It is clear why Nick Farage does not want to be associated with – and tainted by – his French counterpart. Even if he has been as skilful as the Le Pens in playing on voters’ fears and on the weaknesses of the political establishment, he wants to look like a well-behaved, ‘normal’ politician. This is also Marine’s dream, who wants to use her party to achieve power and not only as a platform to utter histrionic and xenophobic profanities, as Jean-Marie has done since the days he was accused of torturing prisoners during the French war in Algeria (1954-1962).
But, if you scratch the varnish of respectability she uses to hide the odious jokes her ebullient father loves to crack, you still find party stalwarts and candidates whose tongue is forked on sulphurous topics, or who have, or had, close links to paramilitary right wing groups considered by the FN as extremists. Anti-Europe, anti-Euro, anti-immigration, anti-American and even, for some leaders, pro-Putin. Nationalists much more than nationals.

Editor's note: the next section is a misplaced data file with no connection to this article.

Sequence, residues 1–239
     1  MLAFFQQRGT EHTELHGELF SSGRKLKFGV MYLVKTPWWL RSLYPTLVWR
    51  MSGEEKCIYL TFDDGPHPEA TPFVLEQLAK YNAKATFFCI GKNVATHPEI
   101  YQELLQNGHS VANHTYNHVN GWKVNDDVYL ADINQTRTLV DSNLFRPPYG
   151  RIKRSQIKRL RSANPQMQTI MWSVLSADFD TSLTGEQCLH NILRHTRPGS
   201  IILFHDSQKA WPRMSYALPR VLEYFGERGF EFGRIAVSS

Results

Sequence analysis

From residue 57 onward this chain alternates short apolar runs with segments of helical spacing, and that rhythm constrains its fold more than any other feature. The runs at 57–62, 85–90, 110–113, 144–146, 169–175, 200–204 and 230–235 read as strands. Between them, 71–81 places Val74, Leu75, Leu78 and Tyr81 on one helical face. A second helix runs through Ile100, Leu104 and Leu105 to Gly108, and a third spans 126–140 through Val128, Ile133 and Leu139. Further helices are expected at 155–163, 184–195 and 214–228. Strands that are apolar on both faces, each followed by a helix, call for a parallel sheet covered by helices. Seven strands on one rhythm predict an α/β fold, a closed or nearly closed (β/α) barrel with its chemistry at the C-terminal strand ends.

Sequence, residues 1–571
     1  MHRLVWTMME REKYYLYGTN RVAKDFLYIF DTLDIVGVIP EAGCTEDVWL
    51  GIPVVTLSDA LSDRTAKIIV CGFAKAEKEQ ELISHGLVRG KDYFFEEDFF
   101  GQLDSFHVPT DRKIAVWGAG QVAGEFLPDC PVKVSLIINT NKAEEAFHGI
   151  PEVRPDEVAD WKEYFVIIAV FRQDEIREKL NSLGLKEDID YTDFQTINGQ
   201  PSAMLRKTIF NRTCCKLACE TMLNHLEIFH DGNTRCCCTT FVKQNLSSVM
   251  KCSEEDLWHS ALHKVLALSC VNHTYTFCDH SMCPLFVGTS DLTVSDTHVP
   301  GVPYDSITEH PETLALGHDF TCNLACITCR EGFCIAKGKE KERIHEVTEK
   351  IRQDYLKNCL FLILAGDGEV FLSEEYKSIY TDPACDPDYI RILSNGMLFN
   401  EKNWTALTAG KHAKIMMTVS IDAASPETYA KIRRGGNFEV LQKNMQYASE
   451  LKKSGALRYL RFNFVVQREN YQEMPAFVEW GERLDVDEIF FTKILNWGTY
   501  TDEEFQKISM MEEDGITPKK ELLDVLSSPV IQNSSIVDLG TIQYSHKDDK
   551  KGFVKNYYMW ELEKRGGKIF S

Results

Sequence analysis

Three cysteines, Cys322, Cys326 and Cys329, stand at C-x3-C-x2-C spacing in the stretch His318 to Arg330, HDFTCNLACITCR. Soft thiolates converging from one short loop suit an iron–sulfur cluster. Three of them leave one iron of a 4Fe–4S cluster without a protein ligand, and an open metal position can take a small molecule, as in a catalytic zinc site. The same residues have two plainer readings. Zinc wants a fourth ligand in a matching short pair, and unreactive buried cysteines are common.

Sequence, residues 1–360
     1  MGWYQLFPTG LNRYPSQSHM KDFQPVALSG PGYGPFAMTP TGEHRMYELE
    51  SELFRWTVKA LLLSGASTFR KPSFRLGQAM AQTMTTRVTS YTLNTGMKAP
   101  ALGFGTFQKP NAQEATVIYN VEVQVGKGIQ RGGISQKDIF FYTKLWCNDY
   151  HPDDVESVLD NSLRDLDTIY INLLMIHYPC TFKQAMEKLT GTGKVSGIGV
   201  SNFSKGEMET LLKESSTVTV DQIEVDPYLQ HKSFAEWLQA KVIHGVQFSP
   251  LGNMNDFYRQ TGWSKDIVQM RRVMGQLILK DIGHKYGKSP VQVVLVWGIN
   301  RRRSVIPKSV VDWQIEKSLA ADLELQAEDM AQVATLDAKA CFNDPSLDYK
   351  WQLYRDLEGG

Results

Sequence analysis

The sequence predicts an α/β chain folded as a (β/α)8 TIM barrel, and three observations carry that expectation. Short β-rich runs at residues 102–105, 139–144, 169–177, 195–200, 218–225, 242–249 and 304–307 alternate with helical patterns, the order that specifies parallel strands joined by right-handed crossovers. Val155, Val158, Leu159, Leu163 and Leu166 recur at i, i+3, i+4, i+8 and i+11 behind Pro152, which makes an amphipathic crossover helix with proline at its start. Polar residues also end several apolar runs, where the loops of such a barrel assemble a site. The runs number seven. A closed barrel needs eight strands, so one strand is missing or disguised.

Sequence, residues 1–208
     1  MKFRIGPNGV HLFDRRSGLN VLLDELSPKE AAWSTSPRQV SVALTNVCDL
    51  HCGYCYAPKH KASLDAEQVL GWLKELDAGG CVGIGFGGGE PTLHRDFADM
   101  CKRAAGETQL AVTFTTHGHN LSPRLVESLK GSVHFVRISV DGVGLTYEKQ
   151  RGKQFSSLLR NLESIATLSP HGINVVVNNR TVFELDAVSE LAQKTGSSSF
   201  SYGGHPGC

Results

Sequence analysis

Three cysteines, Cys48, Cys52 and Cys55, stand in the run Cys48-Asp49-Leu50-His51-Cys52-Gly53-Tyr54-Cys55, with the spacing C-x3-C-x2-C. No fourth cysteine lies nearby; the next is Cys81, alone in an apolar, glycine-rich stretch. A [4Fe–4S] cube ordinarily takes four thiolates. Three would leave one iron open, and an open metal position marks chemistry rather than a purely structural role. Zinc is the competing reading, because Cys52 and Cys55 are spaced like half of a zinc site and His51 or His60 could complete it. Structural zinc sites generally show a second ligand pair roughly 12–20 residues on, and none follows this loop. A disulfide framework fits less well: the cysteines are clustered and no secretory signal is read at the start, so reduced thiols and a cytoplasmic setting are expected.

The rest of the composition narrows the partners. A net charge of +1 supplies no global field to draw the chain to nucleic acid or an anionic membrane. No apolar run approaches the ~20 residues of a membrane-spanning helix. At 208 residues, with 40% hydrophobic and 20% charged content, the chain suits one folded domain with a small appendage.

As former Le Monde editor and now head of the investigative website Mediapart, Edwy Plenel says: Ms. Le Pen “is not a new far right, she is skilled and new in her tactics but her base is still the same intellectual lab from a century ago” within the French extremists and which ended, for most of them in collaboration with the Nazis during the Occupation. What is starkly clear, behind the new façade created by a very efficient PR, the FN’s leadership and national social ideology remain more or less of the same.
So, why are so many French voters listening to slogans they have rejected for so many years? Why are so many young people, and even immigrants, voting FN today? Because they want order in a world of disorder. And probably more for what the FN is standing against than for what it is.